07-29-2003, 03:13 PM
For the work section, are you guys filling out a reason for leaving for every job? It seems kind of stupid to me because my reason for leaving almost every job was just because I moved on to do something else, graduated, or the job was only supposed to be temporary.
07-29-2003, 06:17 PM
I was wondering that same thing myself. I have been going ahead and giving a (very) brief explanation, though. I figure it can't hurt.
07-30-2003, 12:06 AM
For summer jobs, I'm listing my reason for leaving as something like "resumed fall semester college courses" and for work study I'm listing "graduated from college." I phrased the former somewhat better but as I can't get into ERAS right now I can't put down my exact wording.
I think it would probably be better to list some reason for leaving -- you don't want the PD to think that you left because you were fired for stealing office supplies or stalking some one you worked with.
07-30-2003, 04:21 AM
Even if it seems stupid, you should give a reason for leaving every job. It's better to take a second to fill in "summer job; returned to school" or "graduated" than to leave a blank space in which the reviewer can speculate "fired?" "AWOL?" and so forth.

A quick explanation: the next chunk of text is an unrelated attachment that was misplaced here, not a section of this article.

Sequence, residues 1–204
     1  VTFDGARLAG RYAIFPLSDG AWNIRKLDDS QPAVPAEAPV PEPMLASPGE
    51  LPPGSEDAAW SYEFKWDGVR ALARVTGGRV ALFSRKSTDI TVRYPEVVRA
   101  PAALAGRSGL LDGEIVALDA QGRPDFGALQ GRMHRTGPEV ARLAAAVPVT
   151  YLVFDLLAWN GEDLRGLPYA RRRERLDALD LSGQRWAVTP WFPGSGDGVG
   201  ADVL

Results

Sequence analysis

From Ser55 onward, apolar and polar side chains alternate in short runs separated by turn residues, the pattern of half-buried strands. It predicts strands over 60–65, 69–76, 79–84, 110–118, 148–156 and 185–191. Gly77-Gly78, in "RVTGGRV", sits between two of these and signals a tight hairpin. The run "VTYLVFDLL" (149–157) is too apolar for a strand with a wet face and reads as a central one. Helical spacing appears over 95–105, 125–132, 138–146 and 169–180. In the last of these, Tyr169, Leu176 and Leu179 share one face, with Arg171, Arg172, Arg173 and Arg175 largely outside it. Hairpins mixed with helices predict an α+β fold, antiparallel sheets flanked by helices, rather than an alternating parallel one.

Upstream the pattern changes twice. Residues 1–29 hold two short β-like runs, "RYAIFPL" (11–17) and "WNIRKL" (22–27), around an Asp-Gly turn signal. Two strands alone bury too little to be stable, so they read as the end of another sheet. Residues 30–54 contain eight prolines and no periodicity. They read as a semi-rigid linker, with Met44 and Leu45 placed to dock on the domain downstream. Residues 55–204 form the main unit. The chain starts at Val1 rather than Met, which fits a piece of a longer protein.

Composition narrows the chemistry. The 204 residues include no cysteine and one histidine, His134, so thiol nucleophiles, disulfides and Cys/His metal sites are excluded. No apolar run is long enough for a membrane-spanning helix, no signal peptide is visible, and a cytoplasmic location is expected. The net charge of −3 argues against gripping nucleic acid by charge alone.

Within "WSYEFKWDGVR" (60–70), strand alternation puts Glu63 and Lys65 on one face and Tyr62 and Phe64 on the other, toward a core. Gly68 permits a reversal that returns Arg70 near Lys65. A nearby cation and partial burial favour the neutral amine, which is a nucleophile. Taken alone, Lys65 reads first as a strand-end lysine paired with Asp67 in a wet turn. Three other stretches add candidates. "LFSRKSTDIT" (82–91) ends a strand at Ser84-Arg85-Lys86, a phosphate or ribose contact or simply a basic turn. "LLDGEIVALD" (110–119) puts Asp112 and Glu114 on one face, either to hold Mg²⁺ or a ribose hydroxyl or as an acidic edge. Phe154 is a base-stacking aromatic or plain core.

Hmm, I don't know about that. Everyone I've talked to said, first of all, only put down jobs in med school or medically related jobs before med school, and second, there's no need to put down a reason for leaving if the dates are clearly stated as a summer job (eg, June 2000-August 2000). No PD is going to have trouble figuring that one out. All these entries are put into your ERAS CV, which you've probably seen; the PDs will quickly scan that rather than look at each entry in each box, and it's my impression that you want it to look like a CV you would type up yourself. All the CV books I've looked at (and other sources like Iserson's) agree with the above 2 recommendations. So I only listed one job, the one after my first year of med school, and didn't put a reason for leaving. The less they have to read (especially when an explanation is unnecessary), the better.